The economic and religious activities take place in an appropriate place, non-floodable high forest. Only this ecosystem allows for the existence and operationality of the principles along which the village is organised: (1) kinship groups. (2) the bird societies - wyra and (3) the eating groups -Tataopawa. At least since the 19th century the Tapirapé have used territories which combine high forests, good for planting and hunting, close to areas along the banks of the Araguaia river, rich in fishing lakes, and near fields where seasonally they collect a large variety of wild species: nuts, honey and turtle eggs.
A village, according to the concept of the Tapirapé, should be located near their crops, so that village and gardens mix together. At certain times, like harvest time at the beginning of the year, the Tapirapé even go to live in shelters erected in the middle of their plantations, and the entire religious calendar of the group is linked to the ripening of the crops. The itinerant agriculture used by the Tapirapé up until the 1940s, when they had a vast territory at their disposal, has given way, today, to a more intensive use of the areas which are suitable for growing crops. Today it is common for them to plant new crops in old garden areas. Their agricultural activities include annual clearings to plant the new crops, which means that since the 1970s their gardens are located a long way from the village.
The abandoning of the traditional system and the exhaustion of the areas near the refuge to which they were transferred at the beginning of the 1950s led to a big fall in productivity. Today the species they grow most are: manioc for flour, corn, rice, banana, mamão, domesticated manioc, aipim, cará, batata doce, abóbora, amendoim, andu (a type of bean), cotton and other less important plants. Near their houses they grow urucum, mangos and cuité, used to make kari (a handmade bag which sells very well)
Traditionally, as their gardens got further away from the village, the Tapirapé moved it to be nearer to their crops. Wagley (1977) calculated that it took 20 years for the forest to regenerate so that the place could be inhabited again. Today, the living conditions to which they are subjected have forced the Tapirapé to abandon this rotativity of the village within a territory that is occupied in cycles. Today the gardens are often located 15 to 20 kms away from the village. This distance is too far for the Tapirapé, who have to walk it each day, carrying their produce on the return.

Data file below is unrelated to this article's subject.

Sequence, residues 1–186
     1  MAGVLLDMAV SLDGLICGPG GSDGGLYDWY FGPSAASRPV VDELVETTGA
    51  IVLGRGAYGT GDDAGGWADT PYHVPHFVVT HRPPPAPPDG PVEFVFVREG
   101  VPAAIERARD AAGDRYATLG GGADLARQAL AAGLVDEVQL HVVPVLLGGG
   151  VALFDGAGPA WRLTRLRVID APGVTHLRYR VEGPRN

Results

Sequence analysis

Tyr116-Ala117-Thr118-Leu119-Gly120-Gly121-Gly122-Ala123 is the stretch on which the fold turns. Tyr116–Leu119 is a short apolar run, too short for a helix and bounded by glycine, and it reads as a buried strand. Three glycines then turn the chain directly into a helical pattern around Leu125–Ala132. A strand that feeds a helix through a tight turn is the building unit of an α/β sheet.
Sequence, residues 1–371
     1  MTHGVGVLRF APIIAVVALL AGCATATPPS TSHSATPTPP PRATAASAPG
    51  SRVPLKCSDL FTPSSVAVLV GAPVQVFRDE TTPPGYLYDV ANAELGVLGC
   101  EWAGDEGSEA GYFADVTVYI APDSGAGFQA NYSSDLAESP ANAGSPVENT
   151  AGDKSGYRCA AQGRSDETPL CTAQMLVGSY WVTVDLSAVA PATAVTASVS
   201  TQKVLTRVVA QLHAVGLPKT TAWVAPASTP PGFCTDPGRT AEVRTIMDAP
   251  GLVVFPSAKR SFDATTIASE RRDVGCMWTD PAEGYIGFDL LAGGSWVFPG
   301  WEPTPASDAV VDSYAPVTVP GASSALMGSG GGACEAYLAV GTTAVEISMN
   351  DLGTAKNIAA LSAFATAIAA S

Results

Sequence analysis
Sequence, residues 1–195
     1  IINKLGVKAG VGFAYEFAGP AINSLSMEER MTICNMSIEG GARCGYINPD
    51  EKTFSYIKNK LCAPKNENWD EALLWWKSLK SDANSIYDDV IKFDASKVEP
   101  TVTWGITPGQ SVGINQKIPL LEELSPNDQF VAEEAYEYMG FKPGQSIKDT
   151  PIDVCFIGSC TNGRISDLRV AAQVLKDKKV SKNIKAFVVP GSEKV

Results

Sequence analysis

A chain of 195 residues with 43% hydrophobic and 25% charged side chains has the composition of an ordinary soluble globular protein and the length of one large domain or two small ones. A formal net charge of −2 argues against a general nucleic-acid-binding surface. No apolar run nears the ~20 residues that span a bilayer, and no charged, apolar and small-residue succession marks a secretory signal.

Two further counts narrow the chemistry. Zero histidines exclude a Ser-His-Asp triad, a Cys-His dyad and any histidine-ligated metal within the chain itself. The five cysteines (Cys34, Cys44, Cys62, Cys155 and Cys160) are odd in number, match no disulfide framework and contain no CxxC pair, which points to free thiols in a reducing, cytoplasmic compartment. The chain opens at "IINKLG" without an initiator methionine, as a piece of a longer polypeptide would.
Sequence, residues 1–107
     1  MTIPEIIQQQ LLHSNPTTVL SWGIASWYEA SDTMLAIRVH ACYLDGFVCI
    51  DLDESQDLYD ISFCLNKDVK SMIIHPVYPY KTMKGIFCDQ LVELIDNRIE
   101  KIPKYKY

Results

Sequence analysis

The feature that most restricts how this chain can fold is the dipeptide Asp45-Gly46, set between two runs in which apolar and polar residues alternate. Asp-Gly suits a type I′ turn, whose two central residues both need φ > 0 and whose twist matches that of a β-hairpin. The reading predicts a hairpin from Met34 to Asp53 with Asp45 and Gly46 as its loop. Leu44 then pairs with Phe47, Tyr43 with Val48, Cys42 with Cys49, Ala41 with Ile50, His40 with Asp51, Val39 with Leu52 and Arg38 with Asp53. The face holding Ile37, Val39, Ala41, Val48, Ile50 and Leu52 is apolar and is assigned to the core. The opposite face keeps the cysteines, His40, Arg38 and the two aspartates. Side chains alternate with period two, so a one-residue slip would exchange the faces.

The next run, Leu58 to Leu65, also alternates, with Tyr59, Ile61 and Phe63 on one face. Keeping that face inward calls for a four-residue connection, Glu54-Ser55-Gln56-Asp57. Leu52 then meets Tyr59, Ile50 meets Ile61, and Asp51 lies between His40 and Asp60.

From an agricultural point of view, the potential of the Tapirapé/Karajá indigenous area is very limited and incompatible with an enimently agricultural people like the Tapirapé. Over 60% of their lands are low lying and annually flood. Another important part consists of pastures and sandy terrain, inappropriate for agriculture. The parts that are usable, to the north and northwest of the Tawyao village, are intensively worked.
The Tapirapé are giving more and more emphasis to "non traditional" activities, like the production of craftwork, fishing and cattle raising, to complement their subsistence. When they arrived in 1949 at the mouth of the river Tapirapé, a region rich in lakes full of fish, fish became a much more important part of their diet. Hunting, in comparison, became less important. However hunting provides the Tapirapé with an important alternative source of animal protein. Collective or individual hunts are regularly made, mainly during the height of the rainy season (February and March) near the Tawyao village and in the region of Urubu Branco. During this time game becomes almost the only animal protein available to the group.
Besides its nutritional importance for the group, hunting has a fundamental symbolical importance. Hunting is sociologically important for the Tapirapé, because only the collective hunts allow the bird societies, the wyra, and the eating groups, the tataopawa, to act together. The ritual hunts are the start of the initiation ceremonies for the youths, their most important joint religious ceremony, by means of which they "produce" the new members of Tapirapé society.
The symbolic and religious importance attached to hunting means that the Tapirapé go annually to the Urubu Branco mountain. To do this they have to face the ill will and arrogance of the new occupants of the area who judge themselves with the right to stop them from entering a territory which they have frequented for centuries. Climbing over fences, avoiding roads and farmhouses, covering their tracks, the Tapirapé have to overcome all sorts of obstacles in order to be able to practice the rites that constitute their religion.